Contact our Application Engineers to discuss your operation’s specific needs and how we can help you achieve The Lowest Cost per Revolution.
Nov 11, 2020 | Engineering, Technology
How Materials are Dried and Processed using Steam Heat transferred through Tubes
A steam tube dryer is like a rotating shell-and-tube heat exchanger in which medium pressure, saturated steam is charged through a rotary steam joint, into the manifold and then into several heat transfer tubes – typically at a nominal 100-150 psig (and up to 450 psig/500F service for reacting granular solids). Concentric rows of these tubes run the length of the dryer; one to six rows depending on the dryer size and duty requirements.
A steam and condensate manifold chamber, referred to as a Steam Chest, is mounted on the product discharge end of the dryer. This Steam Chest distributes steam to each of the steam tubes and collects the condensate formed as the steam transfers its latent heat to the material being processed. The steam condenses and the condensate is removed from the dryer and taken back to the boiler. The dryer utilizes only the latent heat of condensation, making the dryer one of the more efficient drying systems in the world.
The process material is fed into the drum through a screw conveyor and then tumbles over the outside of the tubes. As indirect heat, the thermal load of the saturated steam in the tubes is not in direct contact with the material. The steam remains inside the tubes while the material lies outside of them. The material cascades on the outside of the tubes and condenses the steam on the inside of the tubes, and that conductive and radiant heat is used to dry the material.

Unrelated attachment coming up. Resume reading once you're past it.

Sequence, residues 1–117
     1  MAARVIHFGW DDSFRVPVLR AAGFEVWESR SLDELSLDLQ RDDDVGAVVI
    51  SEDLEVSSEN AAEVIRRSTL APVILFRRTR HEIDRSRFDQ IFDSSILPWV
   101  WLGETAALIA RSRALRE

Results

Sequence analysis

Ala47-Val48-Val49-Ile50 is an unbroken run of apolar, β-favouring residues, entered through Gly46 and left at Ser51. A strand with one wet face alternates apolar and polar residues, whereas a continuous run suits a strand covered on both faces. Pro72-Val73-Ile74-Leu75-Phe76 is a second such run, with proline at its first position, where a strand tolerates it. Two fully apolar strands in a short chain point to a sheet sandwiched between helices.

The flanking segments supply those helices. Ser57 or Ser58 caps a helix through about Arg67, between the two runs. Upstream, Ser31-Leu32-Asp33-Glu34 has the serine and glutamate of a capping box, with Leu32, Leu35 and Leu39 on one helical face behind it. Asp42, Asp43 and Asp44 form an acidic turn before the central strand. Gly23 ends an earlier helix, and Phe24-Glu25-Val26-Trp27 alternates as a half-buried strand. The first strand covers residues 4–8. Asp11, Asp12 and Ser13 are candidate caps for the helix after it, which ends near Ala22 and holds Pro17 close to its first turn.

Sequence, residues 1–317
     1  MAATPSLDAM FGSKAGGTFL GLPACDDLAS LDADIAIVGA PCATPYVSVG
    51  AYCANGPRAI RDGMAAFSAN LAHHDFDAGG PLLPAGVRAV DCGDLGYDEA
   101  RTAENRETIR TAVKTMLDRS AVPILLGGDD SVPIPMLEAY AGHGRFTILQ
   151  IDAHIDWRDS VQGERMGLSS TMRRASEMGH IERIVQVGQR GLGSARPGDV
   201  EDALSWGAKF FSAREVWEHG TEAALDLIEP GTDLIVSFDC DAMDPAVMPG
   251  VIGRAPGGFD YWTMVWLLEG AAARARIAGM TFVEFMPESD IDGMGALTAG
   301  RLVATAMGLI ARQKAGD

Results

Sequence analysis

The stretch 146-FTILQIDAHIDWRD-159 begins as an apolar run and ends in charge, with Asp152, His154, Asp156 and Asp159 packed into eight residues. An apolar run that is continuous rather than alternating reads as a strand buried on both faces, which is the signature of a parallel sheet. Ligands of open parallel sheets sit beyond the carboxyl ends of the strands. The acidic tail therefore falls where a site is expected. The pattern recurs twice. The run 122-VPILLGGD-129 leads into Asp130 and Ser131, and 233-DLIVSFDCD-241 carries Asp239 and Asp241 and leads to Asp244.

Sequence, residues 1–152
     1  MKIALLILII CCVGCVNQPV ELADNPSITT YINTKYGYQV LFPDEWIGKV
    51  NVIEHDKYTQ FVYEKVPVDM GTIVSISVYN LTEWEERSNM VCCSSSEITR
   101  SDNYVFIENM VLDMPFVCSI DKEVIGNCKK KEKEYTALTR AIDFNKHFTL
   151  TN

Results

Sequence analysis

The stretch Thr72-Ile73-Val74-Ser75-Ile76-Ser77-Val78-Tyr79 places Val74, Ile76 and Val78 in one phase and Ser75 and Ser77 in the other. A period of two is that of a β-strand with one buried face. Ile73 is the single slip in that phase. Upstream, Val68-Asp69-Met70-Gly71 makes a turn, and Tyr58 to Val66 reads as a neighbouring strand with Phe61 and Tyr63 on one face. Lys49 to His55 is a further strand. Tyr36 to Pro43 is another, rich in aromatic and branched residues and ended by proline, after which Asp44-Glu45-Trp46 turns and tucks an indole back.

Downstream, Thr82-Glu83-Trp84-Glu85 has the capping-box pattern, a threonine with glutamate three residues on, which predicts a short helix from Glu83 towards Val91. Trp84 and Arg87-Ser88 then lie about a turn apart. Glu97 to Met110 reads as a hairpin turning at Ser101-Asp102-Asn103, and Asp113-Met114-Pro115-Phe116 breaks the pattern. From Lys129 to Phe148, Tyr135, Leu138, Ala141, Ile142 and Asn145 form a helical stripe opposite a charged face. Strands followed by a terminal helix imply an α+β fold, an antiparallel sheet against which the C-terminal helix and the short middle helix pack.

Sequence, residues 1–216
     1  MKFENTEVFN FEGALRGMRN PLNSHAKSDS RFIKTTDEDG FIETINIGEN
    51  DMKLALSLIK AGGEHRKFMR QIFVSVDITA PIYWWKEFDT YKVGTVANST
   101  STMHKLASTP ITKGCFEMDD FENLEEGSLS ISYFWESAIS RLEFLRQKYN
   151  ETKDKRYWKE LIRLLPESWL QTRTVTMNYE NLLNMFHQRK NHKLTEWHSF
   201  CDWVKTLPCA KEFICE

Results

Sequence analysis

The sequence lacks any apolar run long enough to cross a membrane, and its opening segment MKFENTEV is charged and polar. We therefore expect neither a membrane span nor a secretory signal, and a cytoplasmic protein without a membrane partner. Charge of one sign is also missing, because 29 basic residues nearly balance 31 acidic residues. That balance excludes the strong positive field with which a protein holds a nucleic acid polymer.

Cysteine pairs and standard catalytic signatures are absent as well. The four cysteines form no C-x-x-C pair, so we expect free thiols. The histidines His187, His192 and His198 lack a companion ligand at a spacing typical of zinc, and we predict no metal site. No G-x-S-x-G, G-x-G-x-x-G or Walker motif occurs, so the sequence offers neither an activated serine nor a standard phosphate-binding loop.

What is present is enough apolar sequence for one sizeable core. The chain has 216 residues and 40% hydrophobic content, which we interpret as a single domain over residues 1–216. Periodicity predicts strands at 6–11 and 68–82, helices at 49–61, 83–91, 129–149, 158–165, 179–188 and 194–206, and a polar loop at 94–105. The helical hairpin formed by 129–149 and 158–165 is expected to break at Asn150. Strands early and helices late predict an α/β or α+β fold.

The latent heat is efficiently drawn from the steam (about 850 BTUs per pound) and transferred through the tube wall and into the material – which drives off its moisture. Our dryers execute this process at a consistent temperature – providing a very uniform heating of the material particles.
The water condensed out of the steam is continuously removed from the steam chest through a stationary siphon and cycled back to the boiler for regeneration. And the dried product discharges through ports in the shell at the steam chest end of the dryer.
For certain applications, an alternative to the fabricated Steam Chest design is needed. For example, the Louisville Dryer Pipe Manifold design is a available based on customer preference. The Pipe Manifold is comprised of concentric rings of pipe, one for each row of steam tube in the dryer, set on different planes, which are connected to a center steam and condensate distribution chamber with steam supply pipes, and condensate return pipes. Each row of steam tubes extends through the dryer and is welded to its corresponding manifold ring.
- Steam Tube Drying is thermally very efficient and friendly as heat loss through the cylinder wall is minimal since the steam tubes are fully enclosed by the dryer.
- This indirect heat system is also much safer for processing temperature-sensitive organics and volatile chemicals which could catch fire even at low temperatures.
- The exhaust gas from the dryer is about 80 % less than what is required for direct heat dryers, which significantly reduces the size and cost of the air pollution control equipment.
- Using saturated steam enables us to maintain an inert environment – which is safer for your materials and production/maintenance team.